needs more demons?

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Entries Tagged as 'fantasy'

Jonathan Howard: Carter & Lovecraft

11 Jan 2016 · No Comments

Entertaining collision of hardboiled PI and Lovecraft ’s Mythos, with a dash of a metaphysics/ metatextualism. Already impatient for sequel.

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Tags: c-title · fantasy · h-author · horror

Holly Messinger: The Curse of Jacob Tracy

11 Jan 2016 · No Comments

Reminds me almost equally of TV’s Deadwood and Angel – impressively researched post-Civil War setting with a complex supernatural ecosystem in a series of nearly self-contained novellas that gradually advance a larger plot. Novel finds some degree of closure, but more seems indicated, and I’m eager for follow-on.

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Tags: c-title · fantasy · historical · horror · m-author

Naomi Mitchison: Travel Light

07 May 2014 · No Comments

“Travel light” is an exhortation protagonist Halla hears at one point in this singular slim book; it’s a tactic that enables her to travel farther and faster than she otherwise might, not being unduly burdened. It’s also a tactic the book itself employs, moving from what at first seems to be a fairy tale that [...]

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Tags: fantasy · historical · m-author · t-title

E. Nesbit: Five Children and It

06 May 2014 · No Comments

I learned about E. Nesbit and Five Children and It from Delia Sherman’s The Freedom Maze, which predisposed me to wonder if the reason I didn’t know Nesbit’s name while I did know the names Baum, Barrie, Lofting, Grahame, etc. was rooted in sexism. (Then again, I did know the names Travers and Norton.) [...]

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Tags: children's · f-title · fantasy · n-author

The Girl Who Would Be King

16 Mar 2014 · No Comments

The Girl Who Would be King uses alternating first-person narration to tell the stories of two young women who discover that they have unusual abilities, their struggles to understand and adapt to them, and the conflict those struggles eventually draw them into. Along the way Bonnie and Lola become, more or less, a superhero and [...]

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Tags: fantasy · g-title · t-author · young adult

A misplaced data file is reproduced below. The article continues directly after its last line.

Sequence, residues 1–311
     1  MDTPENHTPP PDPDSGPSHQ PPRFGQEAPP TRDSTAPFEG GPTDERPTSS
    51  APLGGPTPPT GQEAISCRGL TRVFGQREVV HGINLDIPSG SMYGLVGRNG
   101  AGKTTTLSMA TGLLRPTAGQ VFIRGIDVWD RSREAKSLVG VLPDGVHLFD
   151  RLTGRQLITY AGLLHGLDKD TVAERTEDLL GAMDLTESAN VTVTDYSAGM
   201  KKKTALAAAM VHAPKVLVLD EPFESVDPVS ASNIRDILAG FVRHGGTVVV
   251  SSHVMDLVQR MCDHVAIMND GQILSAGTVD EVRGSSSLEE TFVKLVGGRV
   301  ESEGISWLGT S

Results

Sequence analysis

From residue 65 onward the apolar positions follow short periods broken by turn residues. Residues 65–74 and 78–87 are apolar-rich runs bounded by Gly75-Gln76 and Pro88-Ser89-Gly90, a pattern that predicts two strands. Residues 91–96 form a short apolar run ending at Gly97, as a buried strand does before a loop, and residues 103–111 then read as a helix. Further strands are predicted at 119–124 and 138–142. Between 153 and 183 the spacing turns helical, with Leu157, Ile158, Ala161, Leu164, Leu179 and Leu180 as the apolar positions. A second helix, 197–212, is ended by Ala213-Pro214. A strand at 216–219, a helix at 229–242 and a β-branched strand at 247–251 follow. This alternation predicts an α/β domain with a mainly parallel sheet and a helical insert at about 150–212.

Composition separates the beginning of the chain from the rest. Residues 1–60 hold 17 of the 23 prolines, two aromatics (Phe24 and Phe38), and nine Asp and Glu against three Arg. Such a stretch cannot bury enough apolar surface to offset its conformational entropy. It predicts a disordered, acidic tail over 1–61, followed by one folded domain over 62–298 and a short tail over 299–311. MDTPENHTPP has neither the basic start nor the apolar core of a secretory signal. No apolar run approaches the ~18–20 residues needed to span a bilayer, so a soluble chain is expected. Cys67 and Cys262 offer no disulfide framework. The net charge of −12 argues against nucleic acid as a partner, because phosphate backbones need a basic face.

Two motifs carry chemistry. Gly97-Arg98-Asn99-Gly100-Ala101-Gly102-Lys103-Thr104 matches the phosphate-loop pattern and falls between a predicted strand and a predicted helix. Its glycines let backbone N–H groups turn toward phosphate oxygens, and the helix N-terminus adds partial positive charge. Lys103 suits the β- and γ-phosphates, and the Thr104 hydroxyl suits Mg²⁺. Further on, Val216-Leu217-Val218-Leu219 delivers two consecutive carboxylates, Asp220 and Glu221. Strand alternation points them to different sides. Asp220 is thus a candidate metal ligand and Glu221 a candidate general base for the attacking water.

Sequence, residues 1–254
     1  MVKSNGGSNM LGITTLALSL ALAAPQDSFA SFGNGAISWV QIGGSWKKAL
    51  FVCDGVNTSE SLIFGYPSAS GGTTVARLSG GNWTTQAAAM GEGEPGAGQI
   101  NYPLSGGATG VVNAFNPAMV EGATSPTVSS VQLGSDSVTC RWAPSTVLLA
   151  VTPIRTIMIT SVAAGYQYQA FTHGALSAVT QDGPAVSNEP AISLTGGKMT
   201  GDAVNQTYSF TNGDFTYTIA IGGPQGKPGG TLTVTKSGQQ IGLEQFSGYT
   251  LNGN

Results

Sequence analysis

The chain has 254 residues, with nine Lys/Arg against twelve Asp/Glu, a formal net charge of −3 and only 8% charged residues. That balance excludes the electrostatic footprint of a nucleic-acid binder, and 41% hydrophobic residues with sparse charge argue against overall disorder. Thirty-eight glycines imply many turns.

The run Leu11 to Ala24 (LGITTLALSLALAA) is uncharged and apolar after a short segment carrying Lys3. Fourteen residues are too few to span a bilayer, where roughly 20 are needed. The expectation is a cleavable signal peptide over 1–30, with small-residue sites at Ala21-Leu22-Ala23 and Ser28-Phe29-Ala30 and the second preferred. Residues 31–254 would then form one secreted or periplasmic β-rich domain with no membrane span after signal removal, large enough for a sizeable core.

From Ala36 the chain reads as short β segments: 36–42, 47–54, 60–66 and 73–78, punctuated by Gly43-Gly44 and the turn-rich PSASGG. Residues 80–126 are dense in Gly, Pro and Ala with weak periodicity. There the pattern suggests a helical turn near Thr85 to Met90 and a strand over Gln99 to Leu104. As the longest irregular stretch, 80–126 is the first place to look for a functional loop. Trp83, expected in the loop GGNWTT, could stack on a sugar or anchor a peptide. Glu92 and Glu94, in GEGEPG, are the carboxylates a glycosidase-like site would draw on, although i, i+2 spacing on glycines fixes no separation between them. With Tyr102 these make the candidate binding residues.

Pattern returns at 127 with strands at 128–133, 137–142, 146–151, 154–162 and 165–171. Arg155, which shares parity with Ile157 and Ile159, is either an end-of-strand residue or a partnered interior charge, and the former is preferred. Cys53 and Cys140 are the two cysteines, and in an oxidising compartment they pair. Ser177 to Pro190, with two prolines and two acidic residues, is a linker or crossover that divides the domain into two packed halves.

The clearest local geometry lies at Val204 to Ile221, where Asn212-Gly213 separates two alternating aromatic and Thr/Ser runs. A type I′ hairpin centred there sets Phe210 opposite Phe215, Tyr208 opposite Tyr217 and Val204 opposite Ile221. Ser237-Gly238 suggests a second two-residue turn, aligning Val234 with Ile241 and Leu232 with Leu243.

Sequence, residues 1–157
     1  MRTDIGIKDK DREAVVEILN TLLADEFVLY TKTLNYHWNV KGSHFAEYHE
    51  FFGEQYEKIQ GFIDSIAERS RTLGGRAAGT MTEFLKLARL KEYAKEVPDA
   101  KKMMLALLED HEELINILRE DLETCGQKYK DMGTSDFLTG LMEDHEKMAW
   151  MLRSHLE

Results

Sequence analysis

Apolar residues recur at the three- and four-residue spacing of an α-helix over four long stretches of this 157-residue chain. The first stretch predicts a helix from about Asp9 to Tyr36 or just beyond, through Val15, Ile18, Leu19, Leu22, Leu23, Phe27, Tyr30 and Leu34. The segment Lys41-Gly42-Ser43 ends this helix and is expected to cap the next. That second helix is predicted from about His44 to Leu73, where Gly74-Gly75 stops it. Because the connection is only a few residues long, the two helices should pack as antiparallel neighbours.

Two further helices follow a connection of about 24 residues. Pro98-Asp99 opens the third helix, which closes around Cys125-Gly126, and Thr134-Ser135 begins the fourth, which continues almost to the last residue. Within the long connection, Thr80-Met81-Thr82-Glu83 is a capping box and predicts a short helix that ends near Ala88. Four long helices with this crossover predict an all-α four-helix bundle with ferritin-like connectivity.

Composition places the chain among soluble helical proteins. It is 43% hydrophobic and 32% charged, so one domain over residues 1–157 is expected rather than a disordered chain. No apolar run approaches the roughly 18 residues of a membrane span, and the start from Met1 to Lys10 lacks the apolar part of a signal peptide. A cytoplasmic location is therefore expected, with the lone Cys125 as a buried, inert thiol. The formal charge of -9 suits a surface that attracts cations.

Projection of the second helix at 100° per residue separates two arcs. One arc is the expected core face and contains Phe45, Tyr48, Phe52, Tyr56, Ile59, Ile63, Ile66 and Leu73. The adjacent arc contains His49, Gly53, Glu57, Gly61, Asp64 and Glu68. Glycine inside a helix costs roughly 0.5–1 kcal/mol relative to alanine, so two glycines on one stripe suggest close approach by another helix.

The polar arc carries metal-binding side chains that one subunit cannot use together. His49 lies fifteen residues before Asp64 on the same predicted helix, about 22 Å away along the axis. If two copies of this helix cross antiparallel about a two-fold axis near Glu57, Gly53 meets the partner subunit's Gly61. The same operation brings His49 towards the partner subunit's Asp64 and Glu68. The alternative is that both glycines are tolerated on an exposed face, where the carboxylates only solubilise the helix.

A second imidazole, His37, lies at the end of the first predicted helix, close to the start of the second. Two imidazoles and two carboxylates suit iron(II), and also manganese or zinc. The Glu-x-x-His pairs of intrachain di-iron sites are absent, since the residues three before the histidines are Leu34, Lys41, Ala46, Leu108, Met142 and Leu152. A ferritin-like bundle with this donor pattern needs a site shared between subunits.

Mark Z Danielweski: House of Leaves

16 Mar 2014 · No Comments

House of Leaves, is more or less, a purported transcription by a guy named Johnny Truant of a manuscript he finds in a dead man’s apartment. He gradually becomes convinced the work of transcribing it is causing a malevolent supernatural presence to manifest in his life. Truant is nothing if not an unreliable narrator. He [...]

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Tags: d-author · fantasy · h-title · horror

Andrea Phillips: The Daring Adventures of Captain Lucy Smokeheart (so far)

26 Dec 2013 · No Comments

I wouldn’t normally write about a novel that’s half-complete, but I just tore through the available chapters of this serial novel-in-progress like a bag of movie popcorn, and this seems like a great jumping-on-point. I think the overall title does a fantastic job of setting expectations: Smokeheart sails in waters that remind me of Errol [...]

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Tags: d-title · fantasy · p-author

Mur Lafferty: The Shambling Guide to New York City

26 Dec 2013 · No Comments

The Shambling Guide to New York City is an urban fantasy that starts out with an intriguing exploration into how the human world might interact with a Buffy-esque any-myth-system-is-fair-game secret supernatural world. I was aware that the major plot arc doesn’t really get cranking for quite a few chapters, but I didn’t mind, because Lafferty’s [...]

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Tags: fantasy · l-author · s-title

Chuck Wendig: Blackbirds, Mockingbird

26 Dec 2013 · No Comments

The first time Miriam Black touches you, she can see how/when/where you’re going to die. (The death scenes delivered to the reader usually have an ironic or morbidly slapstick component, kinda like the pre-credit sequences of Six Feet Under; seems Miriam rarely touches people who slip away uneventfully.) When we meet Miriam she’s given up [...]

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Tags: b-title · fantasy · m-title · w-author

Sarah Rees Breenan: The Demon’s Covenant

22 Dec 2013 · No Comments

This didn’t have a surprise to compare with the plot twist in The Demon’s Lexicon, but I thought it was much stronger overall: more satisfying character development, better prose, a plot that’s less reliant on coincidence. Brennan is particularly adept at depicting the emotional messiness of adolescence and burgeoning sexual awareness.

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Tags: b-author · d-title · fantasy · young adult